Xanax – the brand name for alprazolam – is a prescription drug that is a part of the class of drugs called benzodiazepines. It is commonly prescribed, but also often used illicitly – many references to Xanax in popular music and movies have unfortunately cemented it as a part of American culture.
Often prescribed for anxiety or panic disorders, Xanax has a high potential for abuse. It gives the person calm, relaxed feelings. It is also prescribed for insomnia, convulsive disorders, to help with detox from alcohol and other drugs, and muscle spasm disorders.
Some common street names include Xannies, Bars, Z-Bars, Zanbars, Xanbars, Handlebars, Planks, Bricks, Benzos. Xanax normally comes in pill form but is also available as tablets or liquid. Illicit ways to take Xanax include taking it orally or injecting it. Most take it orally, as it is an extremely fast-acting drug – injection isn’t really needed.
Xanax acts on the central nervous system by enhancing how the inhibitory neurotransmitter gamma-aminobutyric acid (GABA) acts on the brain. By enhancing its effect, Xanax depresses the central nervous system and slows down the body’s responses – physical, mental, and emotional.
Because Xanax is used to treat panic or anxiety disorders (that can have a sudden onset), the drug needed to be designed to be extremely fast-acting. It only takes around 40-50 minutes to feel the effects of the drug.
Exactly how Xanax will impact the body depends on individual factors. Your physical condition plays a huge part. Things like your height and weight will dictate how Xanax will impact your body. The short-term effects of illicit Xanax will be similar to the therapeutic effects including sleepiness, reduction in anxiety, and sedation.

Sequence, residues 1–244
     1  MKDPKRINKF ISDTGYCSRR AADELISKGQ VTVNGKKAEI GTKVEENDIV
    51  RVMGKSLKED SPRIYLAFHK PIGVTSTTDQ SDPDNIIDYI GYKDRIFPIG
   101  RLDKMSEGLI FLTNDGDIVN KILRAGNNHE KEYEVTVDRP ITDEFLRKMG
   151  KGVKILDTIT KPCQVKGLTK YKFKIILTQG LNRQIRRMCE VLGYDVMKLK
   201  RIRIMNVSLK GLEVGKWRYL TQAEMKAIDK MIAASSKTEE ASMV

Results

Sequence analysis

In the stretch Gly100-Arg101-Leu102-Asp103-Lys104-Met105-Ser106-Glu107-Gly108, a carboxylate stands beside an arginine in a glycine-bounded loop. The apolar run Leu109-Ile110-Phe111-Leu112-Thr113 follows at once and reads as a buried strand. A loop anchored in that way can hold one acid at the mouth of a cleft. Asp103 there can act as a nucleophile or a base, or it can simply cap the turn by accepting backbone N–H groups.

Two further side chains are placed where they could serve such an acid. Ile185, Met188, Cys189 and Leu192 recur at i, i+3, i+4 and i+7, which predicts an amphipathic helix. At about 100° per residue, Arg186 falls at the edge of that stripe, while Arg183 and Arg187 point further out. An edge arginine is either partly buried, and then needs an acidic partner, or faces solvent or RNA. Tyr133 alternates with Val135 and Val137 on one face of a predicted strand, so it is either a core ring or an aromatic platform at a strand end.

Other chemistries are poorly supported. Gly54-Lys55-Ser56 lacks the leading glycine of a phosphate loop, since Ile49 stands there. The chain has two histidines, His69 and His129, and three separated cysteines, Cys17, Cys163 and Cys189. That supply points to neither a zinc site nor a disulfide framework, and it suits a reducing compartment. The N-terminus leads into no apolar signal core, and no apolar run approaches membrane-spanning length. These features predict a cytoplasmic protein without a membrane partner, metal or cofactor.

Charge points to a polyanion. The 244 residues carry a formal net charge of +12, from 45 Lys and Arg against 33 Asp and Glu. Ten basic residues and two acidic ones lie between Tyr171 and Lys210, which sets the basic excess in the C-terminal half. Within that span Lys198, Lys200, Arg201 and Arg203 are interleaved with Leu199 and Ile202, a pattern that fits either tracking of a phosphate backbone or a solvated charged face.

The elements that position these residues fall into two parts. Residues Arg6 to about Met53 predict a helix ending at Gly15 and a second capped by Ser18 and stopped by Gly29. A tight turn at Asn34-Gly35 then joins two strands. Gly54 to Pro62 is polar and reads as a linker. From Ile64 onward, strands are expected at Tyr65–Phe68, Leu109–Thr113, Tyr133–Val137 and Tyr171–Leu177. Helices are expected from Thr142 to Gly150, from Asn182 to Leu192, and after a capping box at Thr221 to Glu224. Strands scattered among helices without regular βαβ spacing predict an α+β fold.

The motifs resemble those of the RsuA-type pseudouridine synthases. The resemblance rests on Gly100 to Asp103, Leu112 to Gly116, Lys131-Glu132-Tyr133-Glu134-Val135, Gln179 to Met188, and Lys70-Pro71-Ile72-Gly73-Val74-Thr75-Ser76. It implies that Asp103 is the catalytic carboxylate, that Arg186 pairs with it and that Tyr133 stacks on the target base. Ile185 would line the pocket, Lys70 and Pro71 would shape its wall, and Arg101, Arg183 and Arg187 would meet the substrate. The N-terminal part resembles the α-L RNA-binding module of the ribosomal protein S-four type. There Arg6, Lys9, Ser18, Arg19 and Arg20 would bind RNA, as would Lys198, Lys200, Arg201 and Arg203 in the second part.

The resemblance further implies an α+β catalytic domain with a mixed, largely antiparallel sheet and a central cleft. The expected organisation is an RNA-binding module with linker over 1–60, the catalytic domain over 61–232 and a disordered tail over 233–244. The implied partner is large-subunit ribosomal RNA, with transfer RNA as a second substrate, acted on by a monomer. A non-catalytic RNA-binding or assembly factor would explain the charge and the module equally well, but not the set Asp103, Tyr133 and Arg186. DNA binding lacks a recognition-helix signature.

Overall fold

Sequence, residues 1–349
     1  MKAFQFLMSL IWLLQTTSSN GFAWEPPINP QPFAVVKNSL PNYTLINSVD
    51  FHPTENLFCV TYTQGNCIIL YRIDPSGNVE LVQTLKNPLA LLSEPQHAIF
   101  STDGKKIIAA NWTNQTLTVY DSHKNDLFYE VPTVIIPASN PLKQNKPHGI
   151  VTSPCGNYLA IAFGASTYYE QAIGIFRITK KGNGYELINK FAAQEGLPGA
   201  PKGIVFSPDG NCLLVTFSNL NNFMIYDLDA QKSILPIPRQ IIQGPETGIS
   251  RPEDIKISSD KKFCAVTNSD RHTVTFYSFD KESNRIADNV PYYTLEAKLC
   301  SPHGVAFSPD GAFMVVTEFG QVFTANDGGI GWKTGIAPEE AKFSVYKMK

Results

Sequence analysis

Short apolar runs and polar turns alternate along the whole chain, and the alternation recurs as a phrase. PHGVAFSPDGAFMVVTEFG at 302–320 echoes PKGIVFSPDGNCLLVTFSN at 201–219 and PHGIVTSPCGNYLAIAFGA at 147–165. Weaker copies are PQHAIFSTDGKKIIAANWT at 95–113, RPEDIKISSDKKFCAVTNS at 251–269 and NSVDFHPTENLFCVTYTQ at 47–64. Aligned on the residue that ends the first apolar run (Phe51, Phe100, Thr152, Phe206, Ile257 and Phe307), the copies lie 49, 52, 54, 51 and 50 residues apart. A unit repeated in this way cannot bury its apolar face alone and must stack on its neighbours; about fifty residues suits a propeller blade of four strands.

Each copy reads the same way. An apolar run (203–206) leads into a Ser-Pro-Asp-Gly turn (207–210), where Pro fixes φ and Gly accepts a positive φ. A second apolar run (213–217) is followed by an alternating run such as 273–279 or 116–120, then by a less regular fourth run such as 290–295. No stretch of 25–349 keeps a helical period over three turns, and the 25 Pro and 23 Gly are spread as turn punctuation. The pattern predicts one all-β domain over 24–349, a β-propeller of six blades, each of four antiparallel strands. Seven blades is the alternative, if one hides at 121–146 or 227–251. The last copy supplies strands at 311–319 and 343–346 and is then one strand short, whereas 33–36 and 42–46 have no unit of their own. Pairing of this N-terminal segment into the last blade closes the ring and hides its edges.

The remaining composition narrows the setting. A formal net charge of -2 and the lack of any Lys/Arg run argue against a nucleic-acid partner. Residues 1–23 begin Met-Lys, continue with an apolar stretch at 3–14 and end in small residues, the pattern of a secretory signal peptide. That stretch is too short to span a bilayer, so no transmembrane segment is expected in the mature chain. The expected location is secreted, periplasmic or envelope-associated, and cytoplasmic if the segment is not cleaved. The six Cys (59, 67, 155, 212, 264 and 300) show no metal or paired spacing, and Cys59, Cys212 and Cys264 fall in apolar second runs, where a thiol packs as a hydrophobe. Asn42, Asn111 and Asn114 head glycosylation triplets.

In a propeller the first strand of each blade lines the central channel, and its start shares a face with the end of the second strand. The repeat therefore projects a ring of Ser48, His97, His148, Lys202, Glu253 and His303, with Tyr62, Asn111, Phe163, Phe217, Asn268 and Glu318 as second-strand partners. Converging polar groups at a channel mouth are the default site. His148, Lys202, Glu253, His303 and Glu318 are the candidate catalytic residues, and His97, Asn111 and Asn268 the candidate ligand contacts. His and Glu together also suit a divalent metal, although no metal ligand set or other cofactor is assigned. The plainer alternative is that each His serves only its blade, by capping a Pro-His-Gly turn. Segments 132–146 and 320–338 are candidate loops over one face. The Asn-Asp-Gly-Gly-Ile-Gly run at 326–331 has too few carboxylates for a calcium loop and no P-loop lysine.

It commonly takes around 6-8 hours to stop feeling the effects of drug with a normal dose. A remarkably high dose could prolong the effects. Just because you no longer feel the drug, doesn’t mean it has left your body completely. A urine drug test can detect Xanax for up to five days after taking the drug.
Side effects differ from the short-term effects because they are not the normal and expected effects. These side effects can happen to those taking the drug as prescribed and those abusing Xanax, however, they can often be worse without a doctor’s guidance. A doctor can help develop a safe dose and make sure no other medication you are taking will have negative interactions with Xanax.
Some of the most common side effects are relatively minor and include:
Less common but more severe side effects can include:
Xanax can cause other side effects than the ones listed. This is another reason it’s extremely important to only take Xanax with the help of your doctor. They can help you sort through your symptoms and determine if the Xanax is causing the problem.
Xanax shouldn’t be used long term because it’s highly addictive. In just 2 weeks, you can develop a dependence. With prolonged use, you will start to develop a tolerance to Xanax, leading you to take larger and larger doses to have the same effects.
If you are taking Xanax under the care of the doctor, your doctor will periodically review you and your symptoms and find alternatives to Xanax if needed. If you are taking the Xanax on your own, you will likely develop a dependence and continually increase the dose you take.
One of the most common signs of a developing dependence is a return of the anxiety, panic, or other symptoms that you originally started taking the Xanax to treat. Often the symptoms will feel the same as they did before. Other times, the symptoms can feel more extreme – this is called the rebound effect.